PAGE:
Sunday, 8 July 2012

A modern fairy tale

This one's inspired as another of Chuck Wendig’s  Flash Fiction challenges  for a non-medieval, modern or future fairy tale.

   It’s a jungle out there.

   Or at least a temperate forest-cum-icy-wasteland this far north. And it's far from a fairy tale.

   A crossbow bolt sang past my ear as I turned the corner of New Road and South Lane: a shrieking counterpart to the flash of cameras as the police Communications Station registered my bicycle’s chip and registered Neighbourhood Pizza and Pharma for Carbon Tax (my ancient Trax 18-incher has tyres made of petroleum-derived rubber substitute) and made a Road Use Profile of  my lanky height (but skinny width) using up so many cubic centimeters of road space.  
   New Street Academy’s a tough school and since the courts ruled that searching children for weapons violated their human rights that corner’s been a shooting gallery. At least they rarely fire guns because the law assures that only the police, our tiny army and the gangs have access to firearms. Davenport Estate Killaz Crew owns the neighbourhood and they kneecap or clitoridectomize individuals in schools who arm themselves with anything more powerful than a bow. Big Jamal is something of a softie and he won’t behead a child for a first offence - except for apostasy.
   I settled the Kevlar vest a little more snugly on my chest and pulled the helmet Dad had worn in Gulf Three down over my brow.
   In the panniers behind me ancient Tupperware food boxes rattled against cardboard bottles of Approved Medicines. The government licences 28 prescription treatments as environmentally safe and cost-effective and provided by ethical businesses. Ethical businesses go to great lengths annually to show Members of Parliament and the movers and shakers in the Pharmacology Board just how ethical they are during their week-long Safety and Social Responsibility Audits at remote locations set amid tranquil surroundings far away from the everyday pressures of life in our war-zone cities and villages.
   At Moor Hill House I stopped and chained my bike in the security cage to keep it from drifting while I was inside. 
   The lobby of Moor Hill House was dark. Though it was technically illuminated by sustainable bulbs, I gave silent praise that today was breezy; some of the windmills studding the countryside were rotating lazily and so those bulbs gave off a grey, 20-Watt glow. I switched on the ‘scope and raised my mirror on its long wire handle to scan the landing one flight of stairs up. Since doctors stopped making house calls even in emergencies a generation ago and insurance rates and Road Tax for the pharmacists’ armoured cars hit the roof when I was a boy, it’s left to the voluntary sector and sub-contractors to deliver food and medicine to the sick and old who’re too scared or infirm to visit the county’s hospital. The scarlet fleece hoodies of Neighbourhood Pizza and Pharma are as much a part of English life as the blue armour of the police who arrive whenever a Beast addict has gone berserk and bitten everybody he saw, but NP&P arrive before things go chemically wrong whereas the police usually get to the scene only after a gangbanger or an unlicenced bystander has cut the Beastie down. It has to be a head shot or decapitation with a Beastie. If the axe-wielder isn’t from an approved community that’s expected to employ violence as an expression of its cultural richness (and is therefore a vigilante taking the law into his own hands), he’ll like as not be charged with murder.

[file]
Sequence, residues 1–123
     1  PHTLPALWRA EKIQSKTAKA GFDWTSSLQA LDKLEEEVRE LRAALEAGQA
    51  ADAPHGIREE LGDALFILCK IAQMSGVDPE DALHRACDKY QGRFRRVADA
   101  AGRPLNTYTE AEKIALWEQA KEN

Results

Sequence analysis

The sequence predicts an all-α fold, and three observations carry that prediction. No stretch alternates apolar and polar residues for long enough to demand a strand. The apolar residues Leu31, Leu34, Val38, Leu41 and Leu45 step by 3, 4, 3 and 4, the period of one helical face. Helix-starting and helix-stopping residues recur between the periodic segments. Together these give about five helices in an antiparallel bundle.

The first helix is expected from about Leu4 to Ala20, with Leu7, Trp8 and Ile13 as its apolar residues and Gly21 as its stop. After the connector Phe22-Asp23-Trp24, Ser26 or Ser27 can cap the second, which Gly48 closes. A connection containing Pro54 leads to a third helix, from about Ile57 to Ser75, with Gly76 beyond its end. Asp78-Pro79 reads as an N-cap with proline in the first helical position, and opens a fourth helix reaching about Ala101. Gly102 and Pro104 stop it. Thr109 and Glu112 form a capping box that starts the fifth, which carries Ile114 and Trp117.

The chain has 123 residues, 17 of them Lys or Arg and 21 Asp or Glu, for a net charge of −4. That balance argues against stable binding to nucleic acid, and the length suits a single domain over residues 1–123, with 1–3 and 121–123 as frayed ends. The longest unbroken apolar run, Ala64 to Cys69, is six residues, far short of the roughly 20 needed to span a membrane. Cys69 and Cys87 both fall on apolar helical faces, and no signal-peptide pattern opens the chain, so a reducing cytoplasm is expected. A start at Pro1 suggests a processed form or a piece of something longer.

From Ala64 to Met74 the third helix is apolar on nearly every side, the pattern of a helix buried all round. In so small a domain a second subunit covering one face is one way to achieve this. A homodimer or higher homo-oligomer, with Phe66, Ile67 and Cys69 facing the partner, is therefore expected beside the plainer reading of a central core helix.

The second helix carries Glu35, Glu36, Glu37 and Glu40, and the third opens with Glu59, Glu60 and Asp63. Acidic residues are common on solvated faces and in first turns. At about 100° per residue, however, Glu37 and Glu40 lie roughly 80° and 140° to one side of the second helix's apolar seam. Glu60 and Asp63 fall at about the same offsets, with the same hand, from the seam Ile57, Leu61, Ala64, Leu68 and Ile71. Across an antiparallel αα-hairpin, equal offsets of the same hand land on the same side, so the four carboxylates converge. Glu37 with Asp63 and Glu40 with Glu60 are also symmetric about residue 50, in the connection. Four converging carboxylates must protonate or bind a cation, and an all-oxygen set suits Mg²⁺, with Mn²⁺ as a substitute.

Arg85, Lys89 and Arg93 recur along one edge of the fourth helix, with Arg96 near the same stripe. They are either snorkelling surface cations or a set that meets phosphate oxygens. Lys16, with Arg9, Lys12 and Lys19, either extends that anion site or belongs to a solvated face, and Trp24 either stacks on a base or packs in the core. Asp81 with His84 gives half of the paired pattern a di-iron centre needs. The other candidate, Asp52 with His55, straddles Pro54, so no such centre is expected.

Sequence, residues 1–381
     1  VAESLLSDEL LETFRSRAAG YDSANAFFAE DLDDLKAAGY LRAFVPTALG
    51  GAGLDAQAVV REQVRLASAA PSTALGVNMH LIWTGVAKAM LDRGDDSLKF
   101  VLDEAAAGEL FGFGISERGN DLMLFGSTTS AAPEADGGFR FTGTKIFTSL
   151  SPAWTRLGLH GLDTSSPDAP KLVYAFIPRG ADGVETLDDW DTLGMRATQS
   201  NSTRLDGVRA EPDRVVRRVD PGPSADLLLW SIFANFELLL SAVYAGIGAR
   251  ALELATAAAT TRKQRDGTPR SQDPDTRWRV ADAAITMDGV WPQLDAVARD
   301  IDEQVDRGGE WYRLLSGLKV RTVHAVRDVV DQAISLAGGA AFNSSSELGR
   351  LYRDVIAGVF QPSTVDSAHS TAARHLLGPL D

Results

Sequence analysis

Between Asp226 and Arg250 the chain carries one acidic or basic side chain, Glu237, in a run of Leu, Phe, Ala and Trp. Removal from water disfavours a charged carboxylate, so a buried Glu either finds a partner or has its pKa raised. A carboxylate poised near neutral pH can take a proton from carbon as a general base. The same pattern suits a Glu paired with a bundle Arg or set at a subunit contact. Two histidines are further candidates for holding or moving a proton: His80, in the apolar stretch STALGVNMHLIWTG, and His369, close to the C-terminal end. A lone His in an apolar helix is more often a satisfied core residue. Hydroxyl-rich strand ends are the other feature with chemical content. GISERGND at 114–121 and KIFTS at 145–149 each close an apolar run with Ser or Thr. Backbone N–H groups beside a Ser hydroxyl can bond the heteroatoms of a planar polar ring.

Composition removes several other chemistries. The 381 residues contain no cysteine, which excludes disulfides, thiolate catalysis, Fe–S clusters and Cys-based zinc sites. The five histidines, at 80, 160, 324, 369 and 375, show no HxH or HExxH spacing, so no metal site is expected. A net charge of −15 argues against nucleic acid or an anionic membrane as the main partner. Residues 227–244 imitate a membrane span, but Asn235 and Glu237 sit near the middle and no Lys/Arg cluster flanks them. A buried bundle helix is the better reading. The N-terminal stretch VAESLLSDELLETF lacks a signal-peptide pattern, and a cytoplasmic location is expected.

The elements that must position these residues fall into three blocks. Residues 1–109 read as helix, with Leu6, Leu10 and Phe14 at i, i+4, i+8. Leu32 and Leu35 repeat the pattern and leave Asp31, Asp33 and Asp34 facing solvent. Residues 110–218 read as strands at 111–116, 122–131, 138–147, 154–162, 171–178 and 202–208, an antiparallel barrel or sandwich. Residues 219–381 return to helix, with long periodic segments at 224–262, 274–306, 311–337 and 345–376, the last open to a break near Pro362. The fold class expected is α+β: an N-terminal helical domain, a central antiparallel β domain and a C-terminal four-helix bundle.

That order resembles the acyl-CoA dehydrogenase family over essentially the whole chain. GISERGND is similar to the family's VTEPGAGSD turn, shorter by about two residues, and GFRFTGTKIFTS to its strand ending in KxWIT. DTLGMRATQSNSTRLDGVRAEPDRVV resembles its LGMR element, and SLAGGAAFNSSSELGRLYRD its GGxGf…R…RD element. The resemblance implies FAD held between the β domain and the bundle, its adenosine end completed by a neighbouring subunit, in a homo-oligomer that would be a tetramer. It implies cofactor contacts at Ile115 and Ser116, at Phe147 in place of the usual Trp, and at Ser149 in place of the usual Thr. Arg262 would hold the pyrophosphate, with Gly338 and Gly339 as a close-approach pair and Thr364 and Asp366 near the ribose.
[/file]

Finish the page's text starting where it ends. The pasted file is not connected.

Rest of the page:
The coast seemed clear. I scuttled up squelchy-carpeted steps and knocked quietly on the second door on the left. Turning to face the hallway with a good solid width of wall behind me, I fingered a rolled-up Road Safety Manual which is a mandatory piece of equipment for all bicycle couriers who can’t afford the police bribes. A Bible makes a better shield against switchblades and is a superior gag for some attack dogs but judges pass heavy sentences on those who carry (openly or under plain covers), such divisive literature. Long minutes passed while bolts and chains were withdrawn from the flap in the door beside me. The judas opened and I passed through a box of sandwiches from the Mother’s Union kitchen in the Northallerton security compound.
 “God bless you, Deacon Willoughby,” came the man’s quavering voice.
   “And you, Mister Payne. Same time tomorrow. And I’ll have your prescription if the convoy gets through from York.”

  The last call is always my happiest, being family. We often reuse a teabag or two while she wolfs down the thin bread, cabbage and watery cheese that are the chief products of an agricultural system long ago rendered ecologically sustainable by law. North Riding Neighbourhood Pizza and Pharma prides itself in adding variety to its food deliveries; some spring onions or green beans in season.
    Today her front door was ajar and I pushed cautiously into the shabby little room I’ve known since childhood. When I saw the powdery packet on the table I reached for the iron poker used when her annual coal ration arrives for Winterval. I pulled down my hood for a better field of vision. She was nowhere to be seen but there’s a stage in a Beast high when they hide; silently enjoying the hallucinations before the Rage comes upon them. There was a noise behind me and I turned around very, very slowly. I said “My, Grandma, what big eyes you have.”


Chrissy said...

I gave silent praise that today was breezy; some of the windmills studding the countryside were rotating lazily and so those bulbs gave off a grey, 20-Watt glow

CLANGGGGG! — was that an anvil? ;)

AB Singer said...

Yep; my physics is every bit as good as the windmill lovers' economics.